Prototype testing is what most people think of as user testing — you have users perform certain tasks with an early version of a product and observe them to see where they encounter difficulties.
To see the greatest benefit from prototype testing, you should start testing prototypes as early as possible. It's not necessary to have a fully working product or system before you do this sort of test. We will talk about three levels of prototypes that you can use to get user feedback, even before you have a working system: paper, low-fidelity, and high-fidelity.
Paper Prototype Testing
You don't need a computer or a single line of code written to get good user feedback — you can run a very effective test with either hand drawings or wireframes of your user interface on paper. This is known as a "paper prototype". In this sort of test, you ask one member of your team (in addition to the note taker and facilitator) to act as the "computer". When the user "clicks" (points to) the screen, the "computer" then puts the sketch showing the resulting screen down in front of them. If the "computer" does not have that screen ready, he or she can either sketch it on the spot or just use a generic "sorry, that function doesn't exist" screen to guide the user away from that function.
Low-fidelity Prototype Testing
As your design ideas become more codified, you may wish to develop a low-fidelity interactive prototype to test with. This is a prototype quickly put together with tools such as Microsoft PowerPoint (you can create buttons or links to move you between slides, simulating interactions) or Adobe Dreamweaver (you can create static web pages which display the design and have some interactivity).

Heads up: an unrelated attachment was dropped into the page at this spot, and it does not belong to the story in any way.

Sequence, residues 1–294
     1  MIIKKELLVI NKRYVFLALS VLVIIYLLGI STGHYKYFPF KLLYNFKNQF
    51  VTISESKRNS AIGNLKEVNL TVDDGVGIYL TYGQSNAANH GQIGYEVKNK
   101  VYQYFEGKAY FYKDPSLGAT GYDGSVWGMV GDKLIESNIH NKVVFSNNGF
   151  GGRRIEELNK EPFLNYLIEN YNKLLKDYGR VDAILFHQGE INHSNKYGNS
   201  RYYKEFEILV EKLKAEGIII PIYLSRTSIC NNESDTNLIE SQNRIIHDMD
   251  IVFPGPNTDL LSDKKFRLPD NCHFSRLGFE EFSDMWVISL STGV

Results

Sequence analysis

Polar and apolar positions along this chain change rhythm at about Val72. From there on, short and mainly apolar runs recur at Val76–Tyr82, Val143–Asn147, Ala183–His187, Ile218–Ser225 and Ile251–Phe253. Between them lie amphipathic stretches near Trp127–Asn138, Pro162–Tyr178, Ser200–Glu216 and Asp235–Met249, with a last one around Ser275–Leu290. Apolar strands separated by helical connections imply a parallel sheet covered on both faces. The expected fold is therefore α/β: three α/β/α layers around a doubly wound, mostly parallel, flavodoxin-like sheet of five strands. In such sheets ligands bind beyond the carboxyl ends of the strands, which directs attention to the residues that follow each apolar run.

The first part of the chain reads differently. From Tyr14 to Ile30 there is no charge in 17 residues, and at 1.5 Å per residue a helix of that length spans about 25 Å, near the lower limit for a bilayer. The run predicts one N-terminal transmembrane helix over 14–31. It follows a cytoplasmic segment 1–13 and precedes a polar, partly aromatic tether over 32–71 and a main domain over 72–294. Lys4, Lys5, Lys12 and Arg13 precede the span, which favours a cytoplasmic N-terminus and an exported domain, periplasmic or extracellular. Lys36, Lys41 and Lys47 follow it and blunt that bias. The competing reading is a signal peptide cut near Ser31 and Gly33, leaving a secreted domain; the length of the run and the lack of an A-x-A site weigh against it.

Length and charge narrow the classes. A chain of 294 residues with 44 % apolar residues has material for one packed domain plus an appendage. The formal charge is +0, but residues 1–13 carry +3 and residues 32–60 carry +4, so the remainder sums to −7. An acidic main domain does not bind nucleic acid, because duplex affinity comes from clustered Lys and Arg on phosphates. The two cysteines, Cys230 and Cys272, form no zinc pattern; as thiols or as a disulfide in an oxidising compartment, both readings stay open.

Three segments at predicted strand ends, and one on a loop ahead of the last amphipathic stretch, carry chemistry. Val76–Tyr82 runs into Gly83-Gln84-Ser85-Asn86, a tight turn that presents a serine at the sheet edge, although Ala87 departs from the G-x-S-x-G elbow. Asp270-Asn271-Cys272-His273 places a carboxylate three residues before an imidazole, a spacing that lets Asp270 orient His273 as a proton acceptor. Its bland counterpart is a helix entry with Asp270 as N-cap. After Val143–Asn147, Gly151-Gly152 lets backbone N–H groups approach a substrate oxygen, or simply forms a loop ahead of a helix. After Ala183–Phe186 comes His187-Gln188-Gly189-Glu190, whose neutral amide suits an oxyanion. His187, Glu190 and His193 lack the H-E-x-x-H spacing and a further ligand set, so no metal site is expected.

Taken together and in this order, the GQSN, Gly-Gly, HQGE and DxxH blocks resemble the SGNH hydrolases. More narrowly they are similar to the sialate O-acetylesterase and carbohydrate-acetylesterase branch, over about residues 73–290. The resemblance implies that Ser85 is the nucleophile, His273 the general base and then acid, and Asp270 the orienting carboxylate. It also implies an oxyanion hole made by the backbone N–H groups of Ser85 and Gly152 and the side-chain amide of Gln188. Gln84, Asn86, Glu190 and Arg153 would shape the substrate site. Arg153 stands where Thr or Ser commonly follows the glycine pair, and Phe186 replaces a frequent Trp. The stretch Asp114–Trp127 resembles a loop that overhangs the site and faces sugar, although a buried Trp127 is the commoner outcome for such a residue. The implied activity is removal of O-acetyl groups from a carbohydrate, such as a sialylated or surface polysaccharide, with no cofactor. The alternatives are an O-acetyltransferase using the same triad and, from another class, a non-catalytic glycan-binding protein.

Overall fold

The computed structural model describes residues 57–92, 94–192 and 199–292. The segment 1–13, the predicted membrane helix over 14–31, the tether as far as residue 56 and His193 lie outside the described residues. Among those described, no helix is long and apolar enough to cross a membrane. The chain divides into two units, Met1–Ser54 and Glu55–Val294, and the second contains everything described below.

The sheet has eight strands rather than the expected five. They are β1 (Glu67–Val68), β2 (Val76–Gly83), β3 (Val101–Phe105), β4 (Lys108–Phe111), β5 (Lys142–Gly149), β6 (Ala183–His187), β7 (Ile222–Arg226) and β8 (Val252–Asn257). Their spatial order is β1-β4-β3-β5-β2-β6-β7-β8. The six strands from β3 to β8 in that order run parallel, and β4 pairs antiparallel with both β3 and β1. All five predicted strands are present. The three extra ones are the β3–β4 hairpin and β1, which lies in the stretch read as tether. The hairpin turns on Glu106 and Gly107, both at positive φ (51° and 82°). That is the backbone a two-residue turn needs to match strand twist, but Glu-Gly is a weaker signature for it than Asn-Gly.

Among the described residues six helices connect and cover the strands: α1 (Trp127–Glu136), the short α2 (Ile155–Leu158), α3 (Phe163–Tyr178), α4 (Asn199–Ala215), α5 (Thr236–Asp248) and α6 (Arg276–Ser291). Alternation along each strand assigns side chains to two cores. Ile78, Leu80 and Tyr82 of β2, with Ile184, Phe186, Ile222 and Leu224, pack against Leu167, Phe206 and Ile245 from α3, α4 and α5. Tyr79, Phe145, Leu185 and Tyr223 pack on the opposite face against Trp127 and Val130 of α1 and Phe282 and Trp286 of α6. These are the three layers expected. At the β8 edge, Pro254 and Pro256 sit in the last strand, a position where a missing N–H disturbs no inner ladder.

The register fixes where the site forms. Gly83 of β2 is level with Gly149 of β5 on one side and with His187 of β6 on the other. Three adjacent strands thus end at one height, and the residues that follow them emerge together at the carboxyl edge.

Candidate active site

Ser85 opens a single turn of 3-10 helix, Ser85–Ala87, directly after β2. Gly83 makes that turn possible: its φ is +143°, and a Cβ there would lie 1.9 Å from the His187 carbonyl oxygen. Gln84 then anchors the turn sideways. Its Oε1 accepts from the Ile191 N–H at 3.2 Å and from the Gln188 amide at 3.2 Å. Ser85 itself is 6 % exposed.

High-fidelity Prototype Testing
As you come closer to a final design, creating high-fidelity prototypes for testing can be very helpful. This may be an early version of your application that isn't quite complete; for instance it may have some elements hard-coded which will be interactive in the future. As an example, the program may return the same results regardless of what was entered. Or, on a larger project, you may find it helpful to develop an advanced prototype in a tool such as Adobe Flash.
Production System Testing
It is also quite common to do user testing on your production system in order to find usability issues and continue to improve its user experience. In the world of agile development, where small chunks of application functionality are developed each iteration, this is becoming more and more common. As long as user feedback is truly incorporated back in the design and development cycle, this can be a very effective method.
Naturalistic Usability Testing